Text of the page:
There’s an old adage that says “if it ain’t broke, don’t fix it”. Apparently the developers of Letters From Nowhere took that to heart, because the sequel feels identical mechanically to the first game. Thankfully that’s not a bad thing at all, as I have become just as engrossed in this one as I was with its predecessor. Since this is a sequel I will just highlight the finer points, but I suggest checking out my review of the original Letters From Nowhere, because everything pretty much still applies.
In the sequel you’ve finally arrived at the town of Nowhere, but there’s still no sign of your husband. You do, however, run into a doctor who seems to know about your husband and about what happened to the inhabitants of this abandoned town. Now it’s up to you to discover this mystery yourself by finding the pages of a diary left by this strange man’s father. You’ll explore many locations in town across several chapters of the game, each one providing you with a special object to help unravel the ultimate mystery. Once again you earn points for each object you find as well as for 3 special stamps hidden in each level. There is also a black cat in each level that adds to your hint total.
Earning points is important because it lets you buy power ups such as a camera that reveals six hidden objects for a small amount of time and a thermometer that gets warm as you move it near a hidden object. If you collect 50 stamps you will unlock “unlimited hidden object” mode, which simply lets you visit each locale you’ve seen in story mode and just search for all the hidden objects on that screen. Interestingly enough, this adds to your overall point total. There’s also a puzzle mode that opens up when you collect a certain number of black cats, but I don’t recall the number and I haven’t gotten there yet. The different game modes are nice, but there is so much to do in story mode I don’t see myself revisiting the locations to play the other game modes.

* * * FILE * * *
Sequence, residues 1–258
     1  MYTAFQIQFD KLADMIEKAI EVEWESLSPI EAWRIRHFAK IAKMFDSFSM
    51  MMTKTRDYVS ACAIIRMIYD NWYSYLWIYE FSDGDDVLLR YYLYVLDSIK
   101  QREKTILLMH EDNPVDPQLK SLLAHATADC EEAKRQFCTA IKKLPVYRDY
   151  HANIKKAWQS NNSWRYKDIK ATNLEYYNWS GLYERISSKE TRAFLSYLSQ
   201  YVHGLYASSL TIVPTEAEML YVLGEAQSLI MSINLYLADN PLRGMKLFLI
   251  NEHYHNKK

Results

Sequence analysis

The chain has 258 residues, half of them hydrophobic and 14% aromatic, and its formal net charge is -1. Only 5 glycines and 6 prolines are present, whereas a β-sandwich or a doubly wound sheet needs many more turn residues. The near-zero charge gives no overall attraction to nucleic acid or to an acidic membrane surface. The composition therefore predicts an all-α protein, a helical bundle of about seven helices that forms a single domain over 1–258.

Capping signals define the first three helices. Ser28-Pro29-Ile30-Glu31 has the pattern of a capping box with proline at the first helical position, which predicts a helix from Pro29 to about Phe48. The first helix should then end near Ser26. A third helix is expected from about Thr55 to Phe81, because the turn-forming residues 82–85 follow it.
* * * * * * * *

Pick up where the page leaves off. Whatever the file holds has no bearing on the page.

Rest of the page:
The visuals are among the better quality offerings for G5, with finely detailed backgrounds and characters that don’t look goofy (sadly, this happens a lot with hidden object games from certain companies). The sound effects are standard hidden object fare, though the voices are good and Audrey doesn’t feel stilted like she did in the first one. The music is ominous and combined with some of the locales can actually be somewhat chilling… in other words, perfect for this sort of game.
There is one thing I’d like to clarify from my review of the first Letters From Nowhere. While this series might not make you sigh “wow” under your breath, it’s quite impressive both in depth and its ability to draw you in. It’s a perfect example of how a game can be greater than the sum of its parts, and I highly recommend it for any self proclaimed hidden object nut. Of course, I’d suggest starting with the original first.
|Title:||Letters from Nowhere 2 HD||Developer:||G5 Entertainment|
|Reviewed Ver:||Min OS Req:||3.2|